I have written about all but three of the books I read this year on Power Line. Here they are with the briefest of notes on each.
Andrew McCarthy, Ball of Collusion: The Plot to Rig an Election and Destroy a Presidency. McCarthy brings his professional background and experience to bear on the biggest scandal in American political history. Only he could have written the book, and he provides just about everything the intelligent reader needs to make up his own mind about the issues as of this date. It is astounding that the Democrats’ media adjunct has simply ignored the book. They can’t deal with it.
Lee Smith, The Plot Against the President: The True Story of How Congressman Devin Nunes Uncovered the Biggest Political Scandal in U.S. History. An invaluable contribution to understanding the scandal from a different angle — the angle of media complicity and the role of the man who did most to bring the crucial elements of the scandal to light.
Gregg Jarrett, Witch Hunt: The Story of the Greatest Mass Delusion in American Political History. This book is not perfect, but I found it too to be must reading. Jarrett’s long chapter on the Mueller miasma is worth the price of admission all by itself. Jarrett’s relentless account gives voice to the righteous indignation that is entirely warranted by the facts.
Tom Cotton, Sacred Duty: A Soldier’s Tour at Arlington. Part memoir, part history, this is an incredibly powerful account of The Old Guard and the service of our favorite Senator in it.
Rich Lowry, The Case for Nationalism: How It Made Us Powerful, United, and Free. Like me, Rich has sought to figure what is to be learned from the forty-fifth president of the United States. He titles his introduction “What Trump Realized.” Chapter 4 draws on “The Exemplar of Ancient Israel,” with a telling quote from Psalm 137 (sung by Don McLean in a nearby post).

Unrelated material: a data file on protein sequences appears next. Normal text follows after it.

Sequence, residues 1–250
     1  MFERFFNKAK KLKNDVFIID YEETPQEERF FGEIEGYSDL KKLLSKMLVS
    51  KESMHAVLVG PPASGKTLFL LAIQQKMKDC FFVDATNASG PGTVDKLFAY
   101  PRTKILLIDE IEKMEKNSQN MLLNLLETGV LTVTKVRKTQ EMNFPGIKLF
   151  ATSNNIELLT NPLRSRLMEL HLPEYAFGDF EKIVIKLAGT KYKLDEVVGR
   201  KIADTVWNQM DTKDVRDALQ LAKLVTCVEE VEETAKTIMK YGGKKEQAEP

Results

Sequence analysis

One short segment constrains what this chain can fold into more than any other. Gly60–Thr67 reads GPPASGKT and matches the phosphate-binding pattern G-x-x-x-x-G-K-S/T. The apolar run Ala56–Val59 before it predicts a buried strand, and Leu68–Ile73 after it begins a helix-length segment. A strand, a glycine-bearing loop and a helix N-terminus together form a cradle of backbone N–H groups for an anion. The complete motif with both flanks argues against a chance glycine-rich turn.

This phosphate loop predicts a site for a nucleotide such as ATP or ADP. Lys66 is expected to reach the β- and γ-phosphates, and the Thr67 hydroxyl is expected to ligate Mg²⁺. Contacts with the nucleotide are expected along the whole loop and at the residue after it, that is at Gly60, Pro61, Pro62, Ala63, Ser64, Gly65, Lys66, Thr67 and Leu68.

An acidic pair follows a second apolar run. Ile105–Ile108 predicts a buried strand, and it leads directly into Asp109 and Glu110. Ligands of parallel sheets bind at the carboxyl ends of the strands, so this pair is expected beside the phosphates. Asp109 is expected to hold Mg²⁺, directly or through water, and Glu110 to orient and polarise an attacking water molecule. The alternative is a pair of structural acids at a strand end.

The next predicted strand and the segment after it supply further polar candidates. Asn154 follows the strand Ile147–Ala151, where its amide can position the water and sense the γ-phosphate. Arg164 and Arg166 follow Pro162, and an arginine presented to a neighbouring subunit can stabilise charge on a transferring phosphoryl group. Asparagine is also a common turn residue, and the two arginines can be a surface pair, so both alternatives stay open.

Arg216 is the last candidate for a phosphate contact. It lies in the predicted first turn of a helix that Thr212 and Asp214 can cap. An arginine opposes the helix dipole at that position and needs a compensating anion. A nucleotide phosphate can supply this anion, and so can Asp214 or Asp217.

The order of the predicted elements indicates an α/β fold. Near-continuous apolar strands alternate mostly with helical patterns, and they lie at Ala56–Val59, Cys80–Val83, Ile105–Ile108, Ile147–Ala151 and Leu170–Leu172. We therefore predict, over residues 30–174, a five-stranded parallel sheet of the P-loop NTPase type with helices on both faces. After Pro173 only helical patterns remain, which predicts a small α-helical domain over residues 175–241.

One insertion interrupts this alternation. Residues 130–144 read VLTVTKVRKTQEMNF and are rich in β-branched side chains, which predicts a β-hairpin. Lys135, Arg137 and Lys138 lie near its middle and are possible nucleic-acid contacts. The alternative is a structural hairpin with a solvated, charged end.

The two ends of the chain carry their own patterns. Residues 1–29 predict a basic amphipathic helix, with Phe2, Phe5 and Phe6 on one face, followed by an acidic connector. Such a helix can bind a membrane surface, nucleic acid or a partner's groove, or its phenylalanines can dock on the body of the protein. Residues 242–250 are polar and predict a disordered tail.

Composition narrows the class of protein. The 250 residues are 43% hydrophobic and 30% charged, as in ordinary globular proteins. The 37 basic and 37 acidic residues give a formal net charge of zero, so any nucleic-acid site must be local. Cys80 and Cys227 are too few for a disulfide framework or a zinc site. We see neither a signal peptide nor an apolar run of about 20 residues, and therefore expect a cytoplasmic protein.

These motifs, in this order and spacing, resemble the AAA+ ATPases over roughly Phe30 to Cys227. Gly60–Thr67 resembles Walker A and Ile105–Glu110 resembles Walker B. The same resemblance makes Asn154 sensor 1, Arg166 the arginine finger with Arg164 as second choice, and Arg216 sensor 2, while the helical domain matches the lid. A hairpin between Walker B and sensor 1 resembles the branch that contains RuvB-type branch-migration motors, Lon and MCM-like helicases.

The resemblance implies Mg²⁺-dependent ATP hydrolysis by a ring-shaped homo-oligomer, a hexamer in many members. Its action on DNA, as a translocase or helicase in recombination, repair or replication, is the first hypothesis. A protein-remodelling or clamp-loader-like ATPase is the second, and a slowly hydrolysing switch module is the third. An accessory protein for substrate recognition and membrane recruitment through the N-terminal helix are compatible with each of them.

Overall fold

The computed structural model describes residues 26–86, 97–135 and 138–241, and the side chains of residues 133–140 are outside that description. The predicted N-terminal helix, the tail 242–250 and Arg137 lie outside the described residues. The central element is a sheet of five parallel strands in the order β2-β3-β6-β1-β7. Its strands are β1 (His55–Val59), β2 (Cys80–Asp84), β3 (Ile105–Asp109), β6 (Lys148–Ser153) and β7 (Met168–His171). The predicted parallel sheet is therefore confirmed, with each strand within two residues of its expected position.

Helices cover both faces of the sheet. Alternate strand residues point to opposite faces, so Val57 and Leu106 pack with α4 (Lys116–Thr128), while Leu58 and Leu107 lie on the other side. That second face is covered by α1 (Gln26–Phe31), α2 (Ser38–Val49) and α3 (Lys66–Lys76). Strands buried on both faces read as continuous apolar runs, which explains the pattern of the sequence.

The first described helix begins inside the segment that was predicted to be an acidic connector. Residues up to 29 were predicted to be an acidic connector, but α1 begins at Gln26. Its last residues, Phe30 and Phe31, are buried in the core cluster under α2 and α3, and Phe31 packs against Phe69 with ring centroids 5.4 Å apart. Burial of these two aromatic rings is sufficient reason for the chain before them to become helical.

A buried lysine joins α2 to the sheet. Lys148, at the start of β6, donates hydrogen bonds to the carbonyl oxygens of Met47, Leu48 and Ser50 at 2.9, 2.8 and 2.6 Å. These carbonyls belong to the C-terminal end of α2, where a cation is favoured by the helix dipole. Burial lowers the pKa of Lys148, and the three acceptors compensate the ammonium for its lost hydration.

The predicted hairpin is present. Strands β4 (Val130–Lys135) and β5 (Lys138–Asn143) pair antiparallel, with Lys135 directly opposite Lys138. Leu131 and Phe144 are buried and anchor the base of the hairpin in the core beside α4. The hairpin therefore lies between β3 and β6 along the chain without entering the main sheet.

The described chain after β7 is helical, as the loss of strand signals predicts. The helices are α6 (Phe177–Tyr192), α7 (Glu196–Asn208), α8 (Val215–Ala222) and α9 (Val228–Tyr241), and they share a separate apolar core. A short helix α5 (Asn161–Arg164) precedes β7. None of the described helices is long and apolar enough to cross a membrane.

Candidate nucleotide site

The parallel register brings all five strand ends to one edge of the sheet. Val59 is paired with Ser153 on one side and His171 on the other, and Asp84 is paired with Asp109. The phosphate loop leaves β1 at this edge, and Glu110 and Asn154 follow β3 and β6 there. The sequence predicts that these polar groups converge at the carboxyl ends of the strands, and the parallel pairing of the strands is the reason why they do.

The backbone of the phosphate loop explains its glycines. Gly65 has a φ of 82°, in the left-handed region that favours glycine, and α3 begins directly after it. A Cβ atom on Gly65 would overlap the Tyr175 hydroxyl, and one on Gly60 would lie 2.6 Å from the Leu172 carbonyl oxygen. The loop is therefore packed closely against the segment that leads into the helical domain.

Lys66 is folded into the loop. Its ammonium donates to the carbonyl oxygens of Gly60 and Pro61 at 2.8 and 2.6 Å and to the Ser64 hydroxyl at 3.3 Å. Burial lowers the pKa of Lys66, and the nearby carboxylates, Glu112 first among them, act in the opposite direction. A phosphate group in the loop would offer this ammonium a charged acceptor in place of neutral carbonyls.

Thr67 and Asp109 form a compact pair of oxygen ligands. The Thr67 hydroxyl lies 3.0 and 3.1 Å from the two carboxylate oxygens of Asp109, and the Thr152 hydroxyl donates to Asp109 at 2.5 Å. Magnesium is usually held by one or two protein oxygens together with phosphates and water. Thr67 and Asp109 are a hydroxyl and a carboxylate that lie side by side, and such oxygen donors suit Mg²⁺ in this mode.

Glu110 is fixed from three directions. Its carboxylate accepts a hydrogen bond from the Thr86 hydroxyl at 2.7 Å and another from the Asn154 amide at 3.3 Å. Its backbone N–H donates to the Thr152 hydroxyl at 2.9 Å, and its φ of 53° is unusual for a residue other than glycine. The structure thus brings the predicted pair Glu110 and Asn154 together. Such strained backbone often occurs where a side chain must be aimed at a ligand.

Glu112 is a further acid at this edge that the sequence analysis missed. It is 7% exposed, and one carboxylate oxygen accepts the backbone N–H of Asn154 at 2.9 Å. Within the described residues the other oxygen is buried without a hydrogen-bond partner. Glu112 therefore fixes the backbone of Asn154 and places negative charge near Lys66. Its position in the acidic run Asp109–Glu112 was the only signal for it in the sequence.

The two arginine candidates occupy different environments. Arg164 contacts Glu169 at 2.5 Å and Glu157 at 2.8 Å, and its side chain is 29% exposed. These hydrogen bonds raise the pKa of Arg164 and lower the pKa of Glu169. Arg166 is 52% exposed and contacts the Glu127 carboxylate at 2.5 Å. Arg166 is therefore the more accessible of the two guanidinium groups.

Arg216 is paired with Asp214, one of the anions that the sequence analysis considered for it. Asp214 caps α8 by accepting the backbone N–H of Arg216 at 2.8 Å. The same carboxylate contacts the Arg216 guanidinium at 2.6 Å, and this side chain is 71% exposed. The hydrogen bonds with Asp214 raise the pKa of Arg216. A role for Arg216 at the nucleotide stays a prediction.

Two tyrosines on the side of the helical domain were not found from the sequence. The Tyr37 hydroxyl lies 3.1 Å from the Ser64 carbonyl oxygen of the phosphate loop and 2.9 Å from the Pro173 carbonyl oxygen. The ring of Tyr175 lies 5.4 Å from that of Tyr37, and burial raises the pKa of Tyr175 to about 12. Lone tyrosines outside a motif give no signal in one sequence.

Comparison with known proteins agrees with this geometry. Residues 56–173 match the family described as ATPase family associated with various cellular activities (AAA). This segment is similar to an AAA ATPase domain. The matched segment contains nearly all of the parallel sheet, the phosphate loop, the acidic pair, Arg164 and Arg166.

Heather Mac Donald, The Diversity Delusion: How Race and Gender Pandering Corrupt the University and Undermine Our Culture. Identity politics portends the destruction of the United States. If any one person can begin to roll back the tide, that person is Heather Mac Donald. This book collects her essays on the subject.
John Marini (ed. by Ken Masugi), Unmasking the Administrative State: The Crisis of American Politics in the Twenty-First Century. To understand the administrative state is to unmask it. Professor John Marini has spent his career seeking to do just that. This book compiles his essays on the subject.
Montaigne (trans. Donald Frame), The Complete Essays. Montaigne gives us an example of the free mind at work and play. He is an incredibly witty and companionable writer. He can even teach us how to speak our minds in a tyrannical time. Montaigne’s thought nevertheless transcends his time; the Essays live (or lives). This year I studied “Of friendship” with my friends Bruce Sanborn and Mike Frost and “Apology for Raymond Sebond” with them as well (and at the St. John’s Summer Classics program). I cannot recommend this most humane writer highly enough.